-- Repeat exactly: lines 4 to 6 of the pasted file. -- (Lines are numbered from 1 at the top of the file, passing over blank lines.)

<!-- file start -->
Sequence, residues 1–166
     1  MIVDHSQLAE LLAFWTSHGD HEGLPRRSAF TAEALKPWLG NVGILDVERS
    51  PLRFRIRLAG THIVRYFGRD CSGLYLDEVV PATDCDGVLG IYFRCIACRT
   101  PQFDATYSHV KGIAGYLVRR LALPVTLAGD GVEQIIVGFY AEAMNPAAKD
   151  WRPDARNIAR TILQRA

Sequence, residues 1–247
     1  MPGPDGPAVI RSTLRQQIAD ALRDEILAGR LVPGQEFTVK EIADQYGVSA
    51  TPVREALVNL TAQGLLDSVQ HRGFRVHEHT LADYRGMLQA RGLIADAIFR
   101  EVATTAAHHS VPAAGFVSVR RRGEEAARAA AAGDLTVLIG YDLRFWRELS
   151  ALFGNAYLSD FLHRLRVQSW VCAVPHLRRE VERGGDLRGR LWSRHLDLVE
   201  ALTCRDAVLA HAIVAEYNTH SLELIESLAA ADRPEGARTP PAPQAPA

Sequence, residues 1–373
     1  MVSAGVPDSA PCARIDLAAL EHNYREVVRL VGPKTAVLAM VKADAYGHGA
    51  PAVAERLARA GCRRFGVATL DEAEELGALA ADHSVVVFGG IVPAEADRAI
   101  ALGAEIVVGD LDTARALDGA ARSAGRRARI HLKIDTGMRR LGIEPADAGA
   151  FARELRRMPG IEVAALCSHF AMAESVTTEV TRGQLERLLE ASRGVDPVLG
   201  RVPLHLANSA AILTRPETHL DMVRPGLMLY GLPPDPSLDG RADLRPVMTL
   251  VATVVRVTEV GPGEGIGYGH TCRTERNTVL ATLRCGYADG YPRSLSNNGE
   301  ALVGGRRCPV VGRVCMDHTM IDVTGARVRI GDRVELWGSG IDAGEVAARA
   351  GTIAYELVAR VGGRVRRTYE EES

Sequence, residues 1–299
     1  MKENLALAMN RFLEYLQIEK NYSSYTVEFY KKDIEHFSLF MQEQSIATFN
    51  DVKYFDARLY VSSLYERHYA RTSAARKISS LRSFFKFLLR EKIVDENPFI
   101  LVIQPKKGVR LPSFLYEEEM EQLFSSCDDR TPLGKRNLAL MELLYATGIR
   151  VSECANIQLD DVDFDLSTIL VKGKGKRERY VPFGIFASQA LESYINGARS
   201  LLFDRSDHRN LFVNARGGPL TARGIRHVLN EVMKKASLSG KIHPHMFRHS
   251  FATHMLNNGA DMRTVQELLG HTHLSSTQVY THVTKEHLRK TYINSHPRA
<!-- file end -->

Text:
   101  PQFDATYSHV KGIAGYLVRR LALPVTLAGD GVEQIIVGFY AEAMNPAAKD
   151  WRPDARNIAR TILQRA

Sequence, residues 1–247